FYI, here’s a better breakdown of this post. Leaving this here for context.


Sooo, I just got a 4K monitor to use as a dedicated display for my Nintendo Switch. Previously I had the console plugged into an HDMI switch, which also connected my laptop and Windows desktop to the same monitor.

The display situation worked great for lazy people, but in order to have audio come from the Switch, I needed to manually plug speakers into the audio port (because, noooo my monitor does not have speakers. I get this question a lot for some reason). I have a Y-adapter that splits the audio cable between my desktop and laptop. And in order for my Switch to have sound, I would unplug the laptop audio cable into the Switch. And because the cable wasn’t long enough, I had to move the Switch dock onto the space where my desktop mouse lives. And would have to move it aside when I needed to use my desktop. So I decided it was time for an upgrade.

This was the monitor I ended up getting. It supports up to 4K, and ironically the Switch doesn’t do 4K. πŸ˜€ But it’s working great so far! I finally get to have a “TV” in my room!

Why a monitor and not a TV?

I chose a monitor instead of a TV, because well…I don’t have a lot of space. And the only decent TVs I could find where the giant 55in displays. The space I had planned only had room for 32in.

Also, I learned that there are no “dumb TVs” anymore. All TVs made these days come with its own built-in OS and media player. I never use the built-in media player on my parents’ smart TV because quite frankly, it sucks really bad. The Crunchyroll app is pretty garbage (to be fair, the Crunchyroll app on PS4 is also garbage). And the general consensus is to never use the built-in media player on smart TVs, because eventually the hardware will show its age and no longer be able to support the newer OS versions. And then what? Get rid of the entire TV for a new one because it can’t run the latest OS? It’s easier and cheaper to just upgrade your Fire TV or Chromecast than the whole TV. So why have something installed if I’m never going to use it?

And then came the Roku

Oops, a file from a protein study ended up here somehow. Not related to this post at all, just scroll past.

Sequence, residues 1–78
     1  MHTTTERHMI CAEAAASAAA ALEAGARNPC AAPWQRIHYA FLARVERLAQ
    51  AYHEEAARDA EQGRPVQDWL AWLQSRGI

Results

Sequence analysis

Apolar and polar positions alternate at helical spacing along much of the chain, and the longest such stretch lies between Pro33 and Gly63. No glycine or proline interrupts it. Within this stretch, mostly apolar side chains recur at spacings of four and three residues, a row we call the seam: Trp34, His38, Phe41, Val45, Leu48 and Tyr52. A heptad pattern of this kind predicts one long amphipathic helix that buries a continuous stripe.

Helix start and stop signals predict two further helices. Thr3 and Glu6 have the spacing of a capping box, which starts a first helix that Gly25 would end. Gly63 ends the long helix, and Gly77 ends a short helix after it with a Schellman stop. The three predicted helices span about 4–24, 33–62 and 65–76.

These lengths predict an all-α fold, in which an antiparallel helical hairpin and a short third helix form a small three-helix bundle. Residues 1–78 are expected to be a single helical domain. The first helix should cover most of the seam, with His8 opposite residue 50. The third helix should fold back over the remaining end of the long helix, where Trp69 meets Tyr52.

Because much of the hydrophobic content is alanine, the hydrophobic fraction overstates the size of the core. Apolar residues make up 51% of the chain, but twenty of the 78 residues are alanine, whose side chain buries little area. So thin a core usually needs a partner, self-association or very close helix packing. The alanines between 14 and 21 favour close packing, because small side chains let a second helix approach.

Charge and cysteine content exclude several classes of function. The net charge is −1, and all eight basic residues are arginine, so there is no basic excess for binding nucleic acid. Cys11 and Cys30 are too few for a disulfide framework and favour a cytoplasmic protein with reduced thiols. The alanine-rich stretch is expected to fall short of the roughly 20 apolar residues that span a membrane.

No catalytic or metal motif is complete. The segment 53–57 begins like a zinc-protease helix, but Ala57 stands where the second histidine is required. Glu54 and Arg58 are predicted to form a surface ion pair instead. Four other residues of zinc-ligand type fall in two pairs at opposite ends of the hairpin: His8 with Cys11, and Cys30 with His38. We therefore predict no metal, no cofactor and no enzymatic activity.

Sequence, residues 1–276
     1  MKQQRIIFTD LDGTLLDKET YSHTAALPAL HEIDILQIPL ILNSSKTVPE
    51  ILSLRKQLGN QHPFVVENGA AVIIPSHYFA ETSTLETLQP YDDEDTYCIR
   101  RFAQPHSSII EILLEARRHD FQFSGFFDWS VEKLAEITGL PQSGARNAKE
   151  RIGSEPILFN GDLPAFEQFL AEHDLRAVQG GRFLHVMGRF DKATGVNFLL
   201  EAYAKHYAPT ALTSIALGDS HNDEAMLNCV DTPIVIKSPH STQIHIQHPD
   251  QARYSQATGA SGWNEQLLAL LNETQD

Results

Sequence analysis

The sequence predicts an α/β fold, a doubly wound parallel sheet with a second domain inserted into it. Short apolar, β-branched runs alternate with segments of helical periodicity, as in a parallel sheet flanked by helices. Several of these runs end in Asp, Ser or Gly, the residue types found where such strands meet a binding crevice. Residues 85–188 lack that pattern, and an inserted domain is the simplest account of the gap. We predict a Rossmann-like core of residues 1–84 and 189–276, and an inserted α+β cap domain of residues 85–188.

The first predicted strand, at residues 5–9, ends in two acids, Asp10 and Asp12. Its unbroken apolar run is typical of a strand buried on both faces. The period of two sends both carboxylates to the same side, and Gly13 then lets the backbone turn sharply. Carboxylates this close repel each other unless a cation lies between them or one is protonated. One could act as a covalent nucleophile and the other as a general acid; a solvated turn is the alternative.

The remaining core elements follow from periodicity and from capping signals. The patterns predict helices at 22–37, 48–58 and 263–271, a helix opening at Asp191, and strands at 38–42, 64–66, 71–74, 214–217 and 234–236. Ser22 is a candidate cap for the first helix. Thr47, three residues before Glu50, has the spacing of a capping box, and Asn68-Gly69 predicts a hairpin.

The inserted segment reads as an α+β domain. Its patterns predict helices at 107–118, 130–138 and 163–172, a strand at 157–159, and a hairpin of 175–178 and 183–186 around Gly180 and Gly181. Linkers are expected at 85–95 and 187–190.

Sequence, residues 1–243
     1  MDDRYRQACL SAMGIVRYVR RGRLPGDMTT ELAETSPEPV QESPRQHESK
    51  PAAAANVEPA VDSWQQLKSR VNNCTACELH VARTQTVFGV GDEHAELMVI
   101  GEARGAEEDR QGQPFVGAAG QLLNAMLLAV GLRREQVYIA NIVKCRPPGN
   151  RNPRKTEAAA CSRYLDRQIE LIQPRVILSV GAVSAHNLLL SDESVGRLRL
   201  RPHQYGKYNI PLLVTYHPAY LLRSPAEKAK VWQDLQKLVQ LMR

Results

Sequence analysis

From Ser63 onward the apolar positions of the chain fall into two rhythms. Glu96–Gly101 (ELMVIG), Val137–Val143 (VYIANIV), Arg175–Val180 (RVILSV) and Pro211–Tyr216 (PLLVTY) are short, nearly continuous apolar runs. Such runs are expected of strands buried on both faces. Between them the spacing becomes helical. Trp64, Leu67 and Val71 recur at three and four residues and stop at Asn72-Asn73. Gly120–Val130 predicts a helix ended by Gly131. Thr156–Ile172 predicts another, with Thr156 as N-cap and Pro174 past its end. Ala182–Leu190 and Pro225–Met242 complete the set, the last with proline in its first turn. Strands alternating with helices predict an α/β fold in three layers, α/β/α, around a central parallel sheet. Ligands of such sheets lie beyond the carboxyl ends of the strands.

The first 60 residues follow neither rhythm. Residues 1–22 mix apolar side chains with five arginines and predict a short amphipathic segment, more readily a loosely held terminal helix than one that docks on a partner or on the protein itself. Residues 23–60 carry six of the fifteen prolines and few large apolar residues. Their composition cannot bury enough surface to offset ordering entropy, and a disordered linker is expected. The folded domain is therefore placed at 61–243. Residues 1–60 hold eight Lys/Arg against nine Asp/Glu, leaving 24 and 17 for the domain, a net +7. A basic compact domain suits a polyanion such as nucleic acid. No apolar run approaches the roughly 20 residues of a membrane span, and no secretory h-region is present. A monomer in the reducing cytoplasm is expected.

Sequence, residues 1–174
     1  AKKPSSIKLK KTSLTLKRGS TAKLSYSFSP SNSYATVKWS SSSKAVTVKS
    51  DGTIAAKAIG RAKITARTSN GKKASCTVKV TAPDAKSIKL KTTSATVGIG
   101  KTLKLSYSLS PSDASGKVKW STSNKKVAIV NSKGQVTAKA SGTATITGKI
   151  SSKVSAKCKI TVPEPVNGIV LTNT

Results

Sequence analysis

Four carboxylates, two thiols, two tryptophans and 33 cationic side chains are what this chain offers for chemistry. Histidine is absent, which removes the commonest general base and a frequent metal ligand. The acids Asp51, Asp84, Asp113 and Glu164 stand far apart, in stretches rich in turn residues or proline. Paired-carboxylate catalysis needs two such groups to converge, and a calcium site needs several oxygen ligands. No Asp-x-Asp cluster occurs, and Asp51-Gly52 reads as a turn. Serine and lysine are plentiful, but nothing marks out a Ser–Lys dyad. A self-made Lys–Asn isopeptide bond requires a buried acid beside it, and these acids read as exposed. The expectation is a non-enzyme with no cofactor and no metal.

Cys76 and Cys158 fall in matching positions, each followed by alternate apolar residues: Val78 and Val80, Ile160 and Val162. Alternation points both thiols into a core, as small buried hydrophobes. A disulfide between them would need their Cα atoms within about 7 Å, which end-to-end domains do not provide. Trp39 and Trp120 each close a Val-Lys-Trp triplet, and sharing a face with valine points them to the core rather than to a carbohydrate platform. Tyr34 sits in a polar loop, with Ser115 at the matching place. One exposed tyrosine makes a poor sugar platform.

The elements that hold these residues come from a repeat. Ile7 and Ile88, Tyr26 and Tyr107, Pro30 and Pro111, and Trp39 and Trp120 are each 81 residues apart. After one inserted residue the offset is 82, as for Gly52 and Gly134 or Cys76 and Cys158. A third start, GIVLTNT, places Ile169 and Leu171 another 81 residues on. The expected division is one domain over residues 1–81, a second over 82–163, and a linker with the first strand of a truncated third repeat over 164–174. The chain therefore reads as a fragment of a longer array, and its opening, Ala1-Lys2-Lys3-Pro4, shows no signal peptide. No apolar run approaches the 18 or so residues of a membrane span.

And then I decided “I wonder if I could make it more TV-like. πŸ€”” I settled on Roku players, because:

  • They’re pretty mobile OS agnostic, but support iDevices pretty darn well.
  • I have a laptop made by Apple, a phone made by Apple and 2 tablets made by Apple. Music streaming service is also from Apple, so I think it’s not a bad idea to have a little brand name variety. (Smart speakers aren’t made by Apple btw, but had to feed money to Bezos to get them. But they work well with Rokus πŸ‘).

I went with the Streaming Stick 4K. The monitor I just bought has 2 HDMI ports, which is great because I put my spare HDMI switch down somewhere and it disappeared. D: And here is where the fun starts.

Things I learned

When I first tried turning off the streaming stick with the remote, it said something about enabling CEC on the “TV” with instructions to go to a help article on their site. (So when powered off, the TV would also turn off along with the Roku. And if you turned on the Roku, the HDMI input would automatically change over to the port the Roku was plugged into.) So this was enabled by going into the TV settings (in the TV’s OS). I thought I would find this under the monitor settings, but no dice.

And also, it wanted me to turn on ARC, which lets the player control the speakers. But uhhh….yeah, found no such thing. So, the sound comes through the speakers quite well. I just can’t control the volume with the remote. I have to adjust it with the monitor’s built-in toggle. (Luckily, I’m sitting right in front of it whenever I use it, because bed is too faraway, so reaching over to adjust it isn’t the worst.)

Because there is no CEC support, I can’t actually turn off the Roku. I found that I can just let it go to sleep. Eventually, the monitor goes to sleep as well and when I want to watch something, I just need to press the OK button (right in the middle of the D-pad on the remote) to wake it up. The power button will just be ignored.

You know, most modern game consoles have media players built right in?

The only game console I have is the Switch (and before that, I was 100% a PC gamer). And it’s like I can find a PS5 or XBOX Series S/X right now. :/

TL;DR

So yes, this is possible. But here are some things to think about first:

If you want sound, either:

  • find a monitor with built-in speakers (with fancy ARC support, if you want to control the volume through your HDMI device)
  • use a media player with a built-in speaker (ex. Roku Streambar). Someone did just that and found it worked great.
  • get an audio extractor, which is like a splitter but for HDMI and audio ports, and then plug the speakers of your choice into the audio ports

If you want your media player to control HDMI on your monitor, look for a monitor with CEC support. Apparently, they exist(ed–post was 3 years ago, so dunno if they still do). Otherwise, when you’re not using the media player, let it (and the monitor go to sleep) and when you want to use it, press OK on the remote. If you want it to turn off right away (because let’s say, the monitor is in your room and you want to sleep without this bright-ass display glaring at you for ~10 minutes), you can just physically turn off the monitor itself.

(Sidenote: A lot of HDMI monitors support DDC/CI as an alternative. It’s what makes the monitor plug and play, instead of the user having to install drivers. The monitor supports it, but apparently neither the Nintendo Switch nor Roku devices know what to do with it.)

[EDIT: 2021/11/27] Updated to mention that fancy ARC support (or whatever it’s called) is needed if you want to control the volume with your HDMI device (Switch or media player). Barebones ARC support is what lets HDMI send audio signals to the display. (source: Wikipedia)